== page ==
Now that Cori and Kerri Rigsby have prevailed before the U.S. Supreme Court in a whistleblower lawsuit against State Farm Fire & Casualty Co., a judge will allow the sisters to look for more evidence that the insurance company committed fraud against the federal government after Hurricane Katrina in 2005.
The U.S. Supreme Court will hear arguments Tuesday in a whistleblower lawsuit filed against State Farm Fire & Casualty Co. by Ocean Springs sisters Cori and Kerri Rigsby. The Rigsbys proved at trial that State Farm defrauded the National Flood Insurance Program, but the insurance company is asking the high court to decide whether a seal on the case was violated when attorneys for the Rigsbys disclosed its existence.
Sun Herald photographer John Fitzhugh compiled images of Gulfport taken before Hurricane Katrina and immediately after the storm ravaged South Mississippi in August 2005. 10 years later, Fitzhugh went to the same places and photographed it again. This is what he found.
Sun Herald photographer John Fitzhugh compiled images of Hancock County taken before Hurricane Katrina and immediately after the storm ravaged South Mississippi in August 2005. 10 years later, Fitzhugh went to the same places and photographed it again. This is what he found.
The Mississippi Development Authority made available forgivable loans after Hurricane Katrina so that property owners could provide rental units to displaced residents with low to moderate incomes. The loans were available to eligible applicants in Harrison, Jackson, Hancock and Pearl River counties. MDA has filed 65 lawsuits to recover loan funds improperly spent.
The U.S. Supreme Court has agreed to consider one question in a decade-old case two whistleblowers won against State Farm Fire & Casualty Co., proving to a federal jury in Gulfport that the insurer defrauded the National Flood Insurance Program.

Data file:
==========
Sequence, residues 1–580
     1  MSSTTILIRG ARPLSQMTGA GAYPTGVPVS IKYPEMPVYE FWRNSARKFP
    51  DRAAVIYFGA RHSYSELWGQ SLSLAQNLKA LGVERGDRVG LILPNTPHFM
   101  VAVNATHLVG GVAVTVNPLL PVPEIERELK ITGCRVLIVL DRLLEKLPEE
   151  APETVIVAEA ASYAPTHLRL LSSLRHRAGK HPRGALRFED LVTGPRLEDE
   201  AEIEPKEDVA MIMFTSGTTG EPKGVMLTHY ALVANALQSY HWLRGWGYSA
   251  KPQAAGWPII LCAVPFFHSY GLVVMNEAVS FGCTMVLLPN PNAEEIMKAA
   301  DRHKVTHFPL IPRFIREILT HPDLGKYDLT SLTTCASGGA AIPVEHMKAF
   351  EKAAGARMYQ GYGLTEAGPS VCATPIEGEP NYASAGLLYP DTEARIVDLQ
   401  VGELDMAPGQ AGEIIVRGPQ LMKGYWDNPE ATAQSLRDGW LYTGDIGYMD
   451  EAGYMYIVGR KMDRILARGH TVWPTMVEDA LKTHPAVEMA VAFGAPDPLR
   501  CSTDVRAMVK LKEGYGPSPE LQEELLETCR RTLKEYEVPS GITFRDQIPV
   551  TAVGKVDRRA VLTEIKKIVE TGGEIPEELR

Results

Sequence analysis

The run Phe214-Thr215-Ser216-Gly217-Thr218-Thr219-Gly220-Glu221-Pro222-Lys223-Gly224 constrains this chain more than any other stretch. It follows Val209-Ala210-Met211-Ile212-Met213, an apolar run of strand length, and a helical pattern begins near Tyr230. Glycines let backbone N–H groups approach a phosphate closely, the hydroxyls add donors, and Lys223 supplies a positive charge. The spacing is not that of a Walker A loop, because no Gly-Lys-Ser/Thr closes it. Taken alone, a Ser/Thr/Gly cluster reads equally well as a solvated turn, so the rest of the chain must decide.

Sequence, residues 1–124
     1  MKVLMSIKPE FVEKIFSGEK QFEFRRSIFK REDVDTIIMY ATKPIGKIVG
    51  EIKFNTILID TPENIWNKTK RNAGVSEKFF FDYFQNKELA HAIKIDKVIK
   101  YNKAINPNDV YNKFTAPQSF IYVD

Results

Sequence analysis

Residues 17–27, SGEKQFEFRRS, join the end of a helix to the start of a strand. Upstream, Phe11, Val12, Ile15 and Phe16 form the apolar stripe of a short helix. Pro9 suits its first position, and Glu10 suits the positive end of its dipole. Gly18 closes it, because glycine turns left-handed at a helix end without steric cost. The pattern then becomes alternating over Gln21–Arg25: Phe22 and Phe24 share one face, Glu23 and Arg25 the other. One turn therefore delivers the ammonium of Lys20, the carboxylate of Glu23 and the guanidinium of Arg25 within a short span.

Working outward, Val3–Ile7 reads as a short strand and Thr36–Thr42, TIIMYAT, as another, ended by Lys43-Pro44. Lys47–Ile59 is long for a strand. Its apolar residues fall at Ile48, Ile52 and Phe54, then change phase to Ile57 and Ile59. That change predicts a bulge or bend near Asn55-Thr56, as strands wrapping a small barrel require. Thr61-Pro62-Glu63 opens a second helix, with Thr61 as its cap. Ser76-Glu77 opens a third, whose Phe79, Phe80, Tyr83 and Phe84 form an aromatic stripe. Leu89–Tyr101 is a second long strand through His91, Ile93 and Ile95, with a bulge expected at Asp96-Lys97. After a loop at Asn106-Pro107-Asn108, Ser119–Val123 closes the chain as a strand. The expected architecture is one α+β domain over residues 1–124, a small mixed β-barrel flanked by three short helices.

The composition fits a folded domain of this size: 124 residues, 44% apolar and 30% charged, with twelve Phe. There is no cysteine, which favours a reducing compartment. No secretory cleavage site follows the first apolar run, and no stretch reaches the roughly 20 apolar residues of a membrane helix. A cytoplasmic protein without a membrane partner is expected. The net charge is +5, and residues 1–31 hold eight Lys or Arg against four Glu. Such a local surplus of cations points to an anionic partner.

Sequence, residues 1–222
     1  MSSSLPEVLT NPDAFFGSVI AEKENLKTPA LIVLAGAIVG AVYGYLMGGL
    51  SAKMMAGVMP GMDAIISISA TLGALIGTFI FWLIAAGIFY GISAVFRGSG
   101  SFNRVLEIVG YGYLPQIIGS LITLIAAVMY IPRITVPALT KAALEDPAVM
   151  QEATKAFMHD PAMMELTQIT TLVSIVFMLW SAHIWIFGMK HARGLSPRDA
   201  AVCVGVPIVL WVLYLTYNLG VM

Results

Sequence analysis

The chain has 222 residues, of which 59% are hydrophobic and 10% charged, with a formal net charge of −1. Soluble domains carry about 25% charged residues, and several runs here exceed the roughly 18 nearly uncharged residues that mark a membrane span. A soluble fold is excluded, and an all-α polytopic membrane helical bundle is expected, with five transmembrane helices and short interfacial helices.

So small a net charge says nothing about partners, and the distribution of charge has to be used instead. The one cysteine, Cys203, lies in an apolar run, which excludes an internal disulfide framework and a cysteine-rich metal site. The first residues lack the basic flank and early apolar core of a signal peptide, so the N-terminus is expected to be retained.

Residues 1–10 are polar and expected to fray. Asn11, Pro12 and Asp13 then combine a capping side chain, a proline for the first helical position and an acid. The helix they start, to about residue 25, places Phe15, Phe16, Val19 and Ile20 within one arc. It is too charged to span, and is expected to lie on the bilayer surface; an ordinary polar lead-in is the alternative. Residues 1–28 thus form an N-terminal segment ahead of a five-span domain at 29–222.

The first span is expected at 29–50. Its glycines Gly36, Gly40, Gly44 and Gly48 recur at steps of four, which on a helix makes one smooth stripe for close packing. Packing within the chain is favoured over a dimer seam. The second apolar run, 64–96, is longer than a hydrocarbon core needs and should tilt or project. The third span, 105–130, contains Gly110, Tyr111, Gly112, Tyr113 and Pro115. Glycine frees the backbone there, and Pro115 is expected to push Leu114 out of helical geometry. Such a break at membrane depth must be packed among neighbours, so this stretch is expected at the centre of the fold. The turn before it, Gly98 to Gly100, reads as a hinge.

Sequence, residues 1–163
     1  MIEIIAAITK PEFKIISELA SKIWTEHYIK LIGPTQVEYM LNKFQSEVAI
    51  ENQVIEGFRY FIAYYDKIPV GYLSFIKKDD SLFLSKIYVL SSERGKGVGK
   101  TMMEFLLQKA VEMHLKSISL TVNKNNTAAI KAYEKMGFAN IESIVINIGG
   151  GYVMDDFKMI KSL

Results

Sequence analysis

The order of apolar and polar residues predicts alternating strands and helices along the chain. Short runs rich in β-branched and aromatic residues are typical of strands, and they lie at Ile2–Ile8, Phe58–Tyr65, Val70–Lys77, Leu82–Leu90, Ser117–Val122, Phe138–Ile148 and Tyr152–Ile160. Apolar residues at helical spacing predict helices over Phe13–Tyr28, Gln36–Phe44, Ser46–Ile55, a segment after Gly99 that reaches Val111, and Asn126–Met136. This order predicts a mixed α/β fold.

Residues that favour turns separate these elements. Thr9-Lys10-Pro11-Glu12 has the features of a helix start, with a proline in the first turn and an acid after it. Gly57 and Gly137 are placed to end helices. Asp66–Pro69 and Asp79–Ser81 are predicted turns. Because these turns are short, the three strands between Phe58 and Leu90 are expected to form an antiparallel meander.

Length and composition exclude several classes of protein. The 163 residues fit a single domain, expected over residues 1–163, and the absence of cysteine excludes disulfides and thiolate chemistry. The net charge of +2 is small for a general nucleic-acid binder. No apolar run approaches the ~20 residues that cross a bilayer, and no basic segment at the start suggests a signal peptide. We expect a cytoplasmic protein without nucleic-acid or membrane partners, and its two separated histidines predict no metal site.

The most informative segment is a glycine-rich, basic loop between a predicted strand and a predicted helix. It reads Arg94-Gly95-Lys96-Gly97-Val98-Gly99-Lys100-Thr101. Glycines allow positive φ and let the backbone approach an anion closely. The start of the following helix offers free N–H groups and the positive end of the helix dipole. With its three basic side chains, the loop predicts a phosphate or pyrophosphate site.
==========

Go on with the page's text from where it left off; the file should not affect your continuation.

The U.S. Census released population estimates last week for towns, cities and counties across the nation, including ones that showed Bay St. Louis was the second-fastest growing city in Mississippi between 2014 and 2015.
Mercedes Carranza, a Gulfport restaurant owner, helped acclimate Hispanic families from Honduras, Panama, Nicaragua, Guatemala and Mexico to a post-Katrina Coast when they arrived to help rebuild South Mississippi.
David Allen and the Waveland Police Department decided to stay and weather the storm in South Mississippi. When the station started to flood, Allen and his officers fought debris and struggled to survive in gasoline-fouled water.
Susie DeStefano grieves the death of her mother who lost her life during Katrina. DeStefano and her family were able to lay Patricia Siwiec Meeks to rest after six weeks of searching for her following the storm.
Jackie Washington recounts the destruction of Biloxi in the aftermath of Katrina. The smell of death, the joy of finding neighbors alive, the lack of immediate aid and the anger at being considered a refugee resulted in the city’s common mantra of “I am Biloxi.”
Elizabeth Duvall fought with her son before Katrina made landfall in 2005. She begged him to evacuate, but he refused and chose to stay in Biloxi. Three days after the storm, she returned to search for him amid the destruction.
Lisa Robertson remembers going into labor and trying to find a place to deliver her daughter in devastated South Mississippi. Without power, without doctors and without supplies, Robertson gave birth to Sofia Marble the day after Katrina.
Joe Downey describes the destruction he and his fellow New York firefighters encountered when arriving in South Mississippi for their first deployment since 9/11. The department’s mission was to bring relief to the most damaged areas, but Downey remembers the generosity of the Coast’s residents despite all they had lost.
Gary Hargrove worked tirelessly to identify those who died as a result of Katrina. His proudest moment came when he was able to identify and find the family of one unidentified man after searching for two years.
Ronald Riecter describes the risks of being a schooner captain in hurricane-prone South Mississippi. Riecter’s love of the Coast won’t allow him to leave, but his philosophy of not dwelling on the past has helped him recover from Katrina’s destruction.